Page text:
Openly gay Brazilian Olympic diver Ian Matos died aged 32 following a severe infection that left him hospitalised.
Matos had been in hospital for two months before his condition worsened on Wednesday (22 December), the Sun reported. He had initially sought treatment because of an infection in his throat which later spread to his stomach and lungs.
He had won three bronze medals in the 2010 South American Games. He placed eighth in the 2016 Olympics in Rio de Janeiro where he competed in the men’s synchronised three-metre springboard alongside his diving partner Luiz Outerelo.
Brazil’s Olympic Committee said in a statement that it is “profoundly saddened” to have received the “news of the premature death” of Matos.
The statement continued: “Team Brazil acknowledges his contribution to the evolution of the discipline.
“Our sincere condolences to his family and friends.”
“From a young age, I knew I was gay, but it was here that I got to live my sexuality,” Matos said at the time, referring to his home in Rio.
According to OutSports, Matos said a friend advised him to stay in the closet until after the 2016 Olympic games. But he said the pressure of hiding boyfriends, avoiding queer parties and not being able to live his truth was ultimately too much for the young diver.
At the time, Ian Matos had been part of a small number of out LGBT+ Olympic athletes. A then record-breaking 56 openly-LGBT+ athletes competed in the 2016 Rio games, OutSports reported.
In last summer’s Tokyo Summer Olympics, there were at least 186 out athletes, more than triple the number who participated in the Rio Olympics.
A swimmer at the University of Pennsylvania is the latest target in the culture-war debate over whether transgender girls and women should be allowed to participate on female sports teams.
Lia Thomas, who came out as trans in 2019, set three school records and two national records at a meet this month.
Since then, Thomas has faced criticism and verbal attacks from anti-trans groups, conservative media and, reportedly, even two teammates.
Some of the headlines about Thomas’ wins said she “smashed” the records and continued her “dominant” season alongside pre-transition photos of her and using her previous name and male pronouns — practices known as deadnaming and misgendering.
Transgender advocates have condemned that coverage and some of the conversation about Thomas as transphobic. They said it mischaracterizes her victories to make it appear that transgender women are cheating just by being trans and implies that one trans woman winning means trans women generally are dominating women’s sports. They note that Thomas is competing within guidance issued by the National Collegiate Athletic Association.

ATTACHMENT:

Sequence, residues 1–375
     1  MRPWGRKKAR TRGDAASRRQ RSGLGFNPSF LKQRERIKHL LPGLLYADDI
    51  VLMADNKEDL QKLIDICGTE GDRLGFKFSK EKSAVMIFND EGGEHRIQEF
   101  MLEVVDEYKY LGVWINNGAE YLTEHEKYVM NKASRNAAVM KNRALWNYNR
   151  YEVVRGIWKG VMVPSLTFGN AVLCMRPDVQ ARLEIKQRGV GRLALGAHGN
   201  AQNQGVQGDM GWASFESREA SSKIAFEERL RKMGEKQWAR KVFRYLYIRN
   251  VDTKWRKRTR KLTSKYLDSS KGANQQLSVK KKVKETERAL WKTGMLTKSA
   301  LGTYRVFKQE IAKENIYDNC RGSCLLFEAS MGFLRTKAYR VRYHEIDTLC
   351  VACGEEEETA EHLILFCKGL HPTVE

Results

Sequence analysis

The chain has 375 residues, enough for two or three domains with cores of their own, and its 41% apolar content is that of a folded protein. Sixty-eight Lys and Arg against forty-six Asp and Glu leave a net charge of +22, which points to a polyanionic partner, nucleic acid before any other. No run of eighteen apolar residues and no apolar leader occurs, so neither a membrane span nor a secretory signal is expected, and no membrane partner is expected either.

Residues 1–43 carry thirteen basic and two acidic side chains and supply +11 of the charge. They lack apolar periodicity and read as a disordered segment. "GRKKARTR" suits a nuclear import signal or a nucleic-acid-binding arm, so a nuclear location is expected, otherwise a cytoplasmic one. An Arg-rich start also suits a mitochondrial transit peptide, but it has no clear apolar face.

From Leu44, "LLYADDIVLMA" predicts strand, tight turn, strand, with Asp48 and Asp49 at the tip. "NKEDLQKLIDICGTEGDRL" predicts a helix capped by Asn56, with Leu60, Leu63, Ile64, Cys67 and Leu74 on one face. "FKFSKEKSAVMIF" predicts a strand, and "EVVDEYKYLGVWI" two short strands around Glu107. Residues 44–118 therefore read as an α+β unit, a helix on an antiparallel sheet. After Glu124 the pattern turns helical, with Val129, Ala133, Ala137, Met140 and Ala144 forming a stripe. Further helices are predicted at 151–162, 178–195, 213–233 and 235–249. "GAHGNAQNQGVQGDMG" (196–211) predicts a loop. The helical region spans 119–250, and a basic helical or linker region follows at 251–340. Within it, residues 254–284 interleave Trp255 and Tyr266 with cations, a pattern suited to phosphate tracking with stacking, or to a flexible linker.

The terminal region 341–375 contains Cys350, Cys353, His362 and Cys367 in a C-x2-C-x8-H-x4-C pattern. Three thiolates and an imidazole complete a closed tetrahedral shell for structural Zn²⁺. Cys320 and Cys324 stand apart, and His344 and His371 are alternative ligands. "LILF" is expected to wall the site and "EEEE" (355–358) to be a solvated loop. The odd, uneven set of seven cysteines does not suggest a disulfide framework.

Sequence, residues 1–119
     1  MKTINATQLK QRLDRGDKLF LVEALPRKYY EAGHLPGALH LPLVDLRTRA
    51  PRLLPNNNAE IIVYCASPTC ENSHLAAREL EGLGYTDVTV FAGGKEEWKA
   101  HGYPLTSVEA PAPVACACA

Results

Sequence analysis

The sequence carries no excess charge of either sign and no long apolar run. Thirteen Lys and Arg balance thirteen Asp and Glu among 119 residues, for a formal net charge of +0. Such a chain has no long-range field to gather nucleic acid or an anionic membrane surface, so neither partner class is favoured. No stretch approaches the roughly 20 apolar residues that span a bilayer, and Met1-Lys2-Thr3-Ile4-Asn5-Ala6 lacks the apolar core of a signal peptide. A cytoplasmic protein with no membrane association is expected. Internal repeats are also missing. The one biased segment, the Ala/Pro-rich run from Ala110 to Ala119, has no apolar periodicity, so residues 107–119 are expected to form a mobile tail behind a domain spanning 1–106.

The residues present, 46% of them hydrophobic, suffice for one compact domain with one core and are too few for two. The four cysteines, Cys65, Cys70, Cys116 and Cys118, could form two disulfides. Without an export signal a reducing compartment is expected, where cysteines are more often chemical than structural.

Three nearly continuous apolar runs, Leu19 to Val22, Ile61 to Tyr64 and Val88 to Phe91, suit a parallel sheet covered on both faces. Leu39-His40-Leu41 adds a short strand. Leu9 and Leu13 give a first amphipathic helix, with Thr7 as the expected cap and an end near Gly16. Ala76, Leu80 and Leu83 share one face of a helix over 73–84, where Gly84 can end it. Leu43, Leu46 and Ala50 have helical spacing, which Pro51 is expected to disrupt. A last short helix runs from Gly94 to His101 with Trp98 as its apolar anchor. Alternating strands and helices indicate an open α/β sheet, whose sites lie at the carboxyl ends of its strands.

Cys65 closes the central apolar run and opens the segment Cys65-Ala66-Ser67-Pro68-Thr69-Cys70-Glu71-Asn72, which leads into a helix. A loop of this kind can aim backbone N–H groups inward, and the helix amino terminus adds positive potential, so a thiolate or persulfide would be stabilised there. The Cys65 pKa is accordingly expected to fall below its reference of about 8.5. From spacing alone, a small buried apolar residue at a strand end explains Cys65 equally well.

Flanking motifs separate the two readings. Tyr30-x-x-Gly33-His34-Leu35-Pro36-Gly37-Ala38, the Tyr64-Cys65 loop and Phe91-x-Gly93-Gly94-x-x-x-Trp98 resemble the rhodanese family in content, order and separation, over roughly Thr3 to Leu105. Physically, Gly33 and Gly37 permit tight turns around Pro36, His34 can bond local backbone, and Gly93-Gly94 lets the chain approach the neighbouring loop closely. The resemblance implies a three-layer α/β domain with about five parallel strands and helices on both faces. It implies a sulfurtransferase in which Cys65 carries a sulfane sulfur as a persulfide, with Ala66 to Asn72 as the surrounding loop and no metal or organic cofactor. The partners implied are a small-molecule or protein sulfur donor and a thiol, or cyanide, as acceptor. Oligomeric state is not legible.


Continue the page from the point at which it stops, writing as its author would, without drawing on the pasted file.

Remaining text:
Thomas’ critics have varying views. Some have used explicitly anti-transgender language and argue that trans women should be completely banned from women’s sports, while others argue that the NCAA’s policy regarding trans athletes’ participation isn’t strict enough.
Thomas declined an interview with NBC News and has done only one recent interview, with the podcast SwimSwam. In that interview, she said she and her coaches expected that there would be “some measure of pushback” in response to her competing, but not “quite to the extent that it has blown up.”
“I just don’t engage with it,” she said, regarding the criticism. “It’s not healthy for me to read it and engage with it at all, and so I don’t, and that’s all I’ll say on that.”
Swimming as her ‘authentic self’
Thomas swam on the men’s team for her first three years at Penn, and for part of that time, she said she was transitioning. She started her medical transition in May 2019 and began gender-affirming hormones, also known as hormone replacement therapy, which for her included testosterone blockers and estrogen. She said she decided to swim out the 2018-19 season on the men’s team without coming out, which “caused a lot of distress for me,” she told SwimSwam.
“I was struggling,” she said. “My mental health was not very good. There was a lot of unease about basically just feeling trapped in my body, like it didn’t align.”
She came out to her coaches and teammates in the fall of 2019, and swam the rest of her junior year, the 2019-20 season, on the men’s team as well — a time she described as “an uncomfortable experience.”
By the summer of 2020, she had been on testosterone suppressants for a full year, meeting a guideline set by the NCAA in 2011. Its handbook for transgender athletes states: “A trans female treated with testosterone suppression medication may continue to compete on a men’s team but may not compete on a women’s team without changing it to a mixed team status until completing one year of testosterone suppression treatment.” She said she submitted medical information that included blood tests of her hormone levels. The NCAA approved her request and cleared her to compete on the women’s team that fall.
But then Covid-19 led to nationwide lockdowns, and the Ivy League canceled its swimming season. Thomas said she decided to take the year off to save her eligibility, “given how important it is to me to be able to compete and swim as my authentic self.”
She began competing on the women’s team in November, at the start of the 2021-22 season, and said she has been on hormone therapy for just over two and a half years.
Thomas has performed well at nearly every meet so far this season, but the media firestorm began after her performance at the Zippy Invitational at the University of Akron in Ohio, where she won three events and set three program, meet and pool records, along with two national records. In the 1,650-yard freestyle in particular, she was 38 seconds ahead of teammate Anna Kalandadze, who finished second. Right-wing media outlets have shared video of Thomas winning the race on social media.